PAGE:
New York ploughs $150m into PPIP funds

Invesco and Oaktree have secured commitments from the $126bn New York State Common Retirement Fund. The pension also committed $160m to four private equity funds.

Two fund managers raising capital as part of the US government’s PPIP programme have secured $150 million from the New York State Common Retirement Fund.

The $126 billion public pension fund said it was investing $100 million in Invesco’s Mortgage Recovery Feeder Fund and $50 million in Oaktree Capital Management’s PPIP Private Fund.

New York State Common set aside $200 million for investments with PPIP managers last November as a means of targeting distressed mortgage-backed securities as well as being “constructive in the economy”, according to a spokesman.

This is the first time New York has invested with Invesco, the pension said in a statement. No placement agents were used for either commitment, which closed on 10 and 18 December, respectively.

The pension also said it committed $160 million to four private equity funds, including a $100 million follow-on investment with Hong Kong-based private equity firm SAIF Partners’ Fund IV. The pension committed $30 million and $25 million respectively to emerging manager funds Relativity Fund and Bunker Hill Capital II. A further $5 million was committed to Clearlake Capital Partners II.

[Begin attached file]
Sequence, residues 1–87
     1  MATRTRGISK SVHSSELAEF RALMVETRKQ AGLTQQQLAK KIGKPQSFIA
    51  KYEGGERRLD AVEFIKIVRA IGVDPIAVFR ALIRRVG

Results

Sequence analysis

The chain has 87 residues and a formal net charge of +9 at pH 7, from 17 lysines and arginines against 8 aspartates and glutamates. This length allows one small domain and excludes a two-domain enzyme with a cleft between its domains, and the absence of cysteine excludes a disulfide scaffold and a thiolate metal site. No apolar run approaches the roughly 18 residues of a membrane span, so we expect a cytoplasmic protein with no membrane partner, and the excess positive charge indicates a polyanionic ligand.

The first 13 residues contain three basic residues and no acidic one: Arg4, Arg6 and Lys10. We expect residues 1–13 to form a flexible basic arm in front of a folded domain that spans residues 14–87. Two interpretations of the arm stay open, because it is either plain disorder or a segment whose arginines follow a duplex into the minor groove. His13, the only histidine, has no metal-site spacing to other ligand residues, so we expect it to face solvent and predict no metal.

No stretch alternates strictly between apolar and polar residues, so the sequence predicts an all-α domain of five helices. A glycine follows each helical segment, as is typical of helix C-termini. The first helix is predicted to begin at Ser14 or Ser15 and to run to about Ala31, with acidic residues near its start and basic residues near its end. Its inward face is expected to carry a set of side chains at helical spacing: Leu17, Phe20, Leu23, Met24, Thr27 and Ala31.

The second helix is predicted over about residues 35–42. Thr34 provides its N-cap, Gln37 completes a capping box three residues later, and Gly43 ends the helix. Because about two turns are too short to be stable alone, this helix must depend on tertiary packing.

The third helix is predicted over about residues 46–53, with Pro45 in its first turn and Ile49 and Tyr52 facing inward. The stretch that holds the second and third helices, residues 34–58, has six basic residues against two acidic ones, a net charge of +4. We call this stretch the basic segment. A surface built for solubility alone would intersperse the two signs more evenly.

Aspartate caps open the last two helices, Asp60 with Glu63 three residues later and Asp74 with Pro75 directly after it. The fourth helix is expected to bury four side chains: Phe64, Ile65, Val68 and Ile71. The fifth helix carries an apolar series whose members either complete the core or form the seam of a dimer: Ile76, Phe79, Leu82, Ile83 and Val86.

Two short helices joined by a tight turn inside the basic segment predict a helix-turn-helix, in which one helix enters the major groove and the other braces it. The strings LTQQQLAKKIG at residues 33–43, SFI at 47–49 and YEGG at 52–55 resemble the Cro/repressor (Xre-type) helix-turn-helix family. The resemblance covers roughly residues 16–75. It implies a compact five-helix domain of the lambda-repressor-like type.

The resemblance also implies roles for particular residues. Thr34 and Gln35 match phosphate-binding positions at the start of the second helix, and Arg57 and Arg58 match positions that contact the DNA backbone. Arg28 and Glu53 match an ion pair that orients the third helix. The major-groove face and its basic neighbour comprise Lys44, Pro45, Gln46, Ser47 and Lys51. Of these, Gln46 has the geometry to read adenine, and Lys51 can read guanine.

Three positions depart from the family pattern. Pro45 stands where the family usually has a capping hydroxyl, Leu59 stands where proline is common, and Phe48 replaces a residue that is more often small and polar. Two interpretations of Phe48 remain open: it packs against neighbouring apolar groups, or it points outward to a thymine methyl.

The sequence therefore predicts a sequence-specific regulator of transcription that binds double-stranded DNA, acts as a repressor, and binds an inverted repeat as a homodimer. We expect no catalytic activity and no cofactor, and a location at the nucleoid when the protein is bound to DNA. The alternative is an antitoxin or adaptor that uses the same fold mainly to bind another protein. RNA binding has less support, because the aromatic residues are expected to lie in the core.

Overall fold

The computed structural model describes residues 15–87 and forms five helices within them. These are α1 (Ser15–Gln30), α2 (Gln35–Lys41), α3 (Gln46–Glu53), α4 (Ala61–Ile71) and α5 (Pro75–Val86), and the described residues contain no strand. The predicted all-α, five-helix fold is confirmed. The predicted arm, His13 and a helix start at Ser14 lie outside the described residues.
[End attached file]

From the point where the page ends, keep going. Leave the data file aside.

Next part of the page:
The US Treasury selected nine managers to take part in its Public-Private Investment Program (PPIP) in August 2009, including Oaktree; Invesco; Angelo Gordon and GE; AllianceBernstein and sub-advisors Greenfield Partners and Rialto Capital Management; BlackRock; RLJ Western Asset Management; Wellington Management and The TCW Group.

TCW was forced to quit the programme and liquidate its $500 million fund following the departure of its former chief investment officer Jeffrey Gundlach.

Oaktree was the final PPIP manager to hold a first close on its PPIP vehicle on 18 December, raising an estimated $400 million in private capital, according to people familiar with the matter. Managers were initially given 12 weeks to raise a minimum of $500 million.